Clinics Care Points Applicable to Both Glucagon-like Peptide-1 Receptor Agonists and Sodium-Glucose Cotransporter-2 Inhibitors

      • In the patient panel, identify patients who benefit from initiation of SGLT2i and/or GLP-1 RA:
        • 1.
          Patients with poorly controlled T2DM who warrant escalation of glucose-lowering therapy
        • 2.
          Patients with T2DM who, independently of glycemic control, are at high CV risk, have established ASCVD, HFrEF, or CKD (eGFR>30)
        • 3.
          Patients without T2DM who have established diagnosis of HFrEF (SGLT2i)
      • At the next outpatient visit with eligible patients, proactively initiate a patient-physician discussion of the risk and benefits associated with initiation of SGLT2i and/or GLP-1 RA, and also discuss patient preferences when using injectable versus oral agents; clinicians should also offer resources to estimate the out-of-pocket cost associated with available medication options, because it can further influence selection of a specific agent.
      • Proactively seek a collaborative approach with primary care, endocrinology, cardiology, or nephrology colleagues with regard to side effects, drug-drug interactions, and/or adherence.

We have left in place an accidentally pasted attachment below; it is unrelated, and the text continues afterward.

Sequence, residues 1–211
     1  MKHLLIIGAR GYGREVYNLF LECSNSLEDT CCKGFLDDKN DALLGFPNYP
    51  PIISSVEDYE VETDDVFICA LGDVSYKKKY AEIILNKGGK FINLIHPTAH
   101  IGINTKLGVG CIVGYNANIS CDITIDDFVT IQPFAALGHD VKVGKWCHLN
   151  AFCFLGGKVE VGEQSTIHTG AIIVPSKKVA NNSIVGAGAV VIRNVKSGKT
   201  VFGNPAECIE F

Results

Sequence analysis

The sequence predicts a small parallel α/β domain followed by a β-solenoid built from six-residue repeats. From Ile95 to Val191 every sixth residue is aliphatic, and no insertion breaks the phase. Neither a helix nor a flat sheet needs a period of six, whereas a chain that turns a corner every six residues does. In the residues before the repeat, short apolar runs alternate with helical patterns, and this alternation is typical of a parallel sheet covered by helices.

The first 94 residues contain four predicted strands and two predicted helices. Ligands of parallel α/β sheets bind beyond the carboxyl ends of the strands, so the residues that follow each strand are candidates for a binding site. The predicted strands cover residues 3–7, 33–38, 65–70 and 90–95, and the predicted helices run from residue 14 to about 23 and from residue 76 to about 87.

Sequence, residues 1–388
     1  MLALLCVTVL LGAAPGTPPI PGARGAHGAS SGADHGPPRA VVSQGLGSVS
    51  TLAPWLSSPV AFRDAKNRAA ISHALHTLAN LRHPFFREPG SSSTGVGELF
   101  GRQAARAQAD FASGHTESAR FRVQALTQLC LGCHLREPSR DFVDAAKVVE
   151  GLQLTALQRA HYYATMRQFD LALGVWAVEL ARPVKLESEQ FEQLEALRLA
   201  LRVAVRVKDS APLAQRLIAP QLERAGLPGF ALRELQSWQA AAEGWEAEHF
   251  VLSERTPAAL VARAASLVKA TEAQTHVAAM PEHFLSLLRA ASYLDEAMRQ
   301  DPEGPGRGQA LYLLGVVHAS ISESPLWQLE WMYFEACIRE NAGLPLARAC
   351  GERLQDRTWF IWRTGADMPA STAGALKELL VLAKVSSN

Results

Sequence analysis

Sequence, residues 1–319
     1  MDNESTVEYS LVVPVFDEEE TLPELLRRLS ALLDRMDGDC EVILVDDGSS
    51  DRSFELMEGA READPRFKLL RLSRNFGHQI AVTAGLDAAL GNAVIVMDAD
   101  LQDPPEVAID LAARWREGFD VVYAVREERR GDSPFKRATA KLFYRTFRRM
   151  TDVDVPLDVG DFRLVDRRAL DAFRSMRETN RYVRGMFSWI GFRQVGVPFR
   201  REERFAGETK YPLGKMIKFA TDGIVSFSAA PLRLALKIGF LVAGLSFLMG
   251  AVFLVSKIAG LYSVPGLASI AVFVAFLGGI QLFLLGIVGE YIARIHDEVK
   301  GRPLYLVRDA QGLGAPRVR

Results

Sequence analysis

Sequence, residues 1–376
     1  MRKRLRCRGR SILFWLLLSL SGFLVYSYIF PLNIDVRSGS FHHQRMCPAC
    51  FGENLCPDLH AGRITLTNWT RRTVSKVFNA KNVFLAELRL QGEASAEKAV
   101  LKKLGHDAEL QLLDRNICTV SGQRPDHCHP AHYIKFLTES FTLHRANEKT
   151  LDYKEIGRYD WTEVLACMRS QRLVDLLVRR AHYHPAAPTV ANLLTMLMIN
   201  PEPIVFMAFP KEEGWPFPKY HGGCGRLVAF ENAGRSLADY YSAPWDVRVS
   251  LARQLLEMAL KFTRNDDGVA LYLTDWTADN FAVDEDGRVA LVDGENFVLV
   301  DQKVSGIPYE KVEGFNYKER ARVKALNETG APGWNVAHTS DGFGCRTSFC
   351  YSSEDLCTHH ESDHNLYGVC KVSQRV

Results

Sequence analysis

• If patient has well-controlled HbA1c at baseline or known history of hypoglycemic events, when starting therapy consider dose reduction by 50% for sulfonylureas or 20% for insulin. If unable to tolerate dual or triple therapy, consider discontinuation of sulfonylurea in order to prioritize the agents with proven CV benefit.
      • The combination of SGLT2i and GLP-1 RA can be considered to enhance glucose-lowering goals. To date, no definitive evidence supports combination therapy to enhance CV or cardiorenal benefit.

      Clinics Care Points Applicable to Glucagon-like Peptide-1 Receptor Agonists

      • When choosing a specific agent and dose for GLP-1 RA:
        • 1.
          Current data support the use of dulaglutide, liraglutide, and semaglutide (injectable, not oral) for CV benefit.
        • 2.
          For any indication, initially prescribe the agent at the lowest dose (to minimize the risk of side effects such as nausea and vomiting) and then increase the dose as tolerated. The use of concurrent glucose-lowering therapy (including metformin) is not thought to decrease the CV benefit of these agents.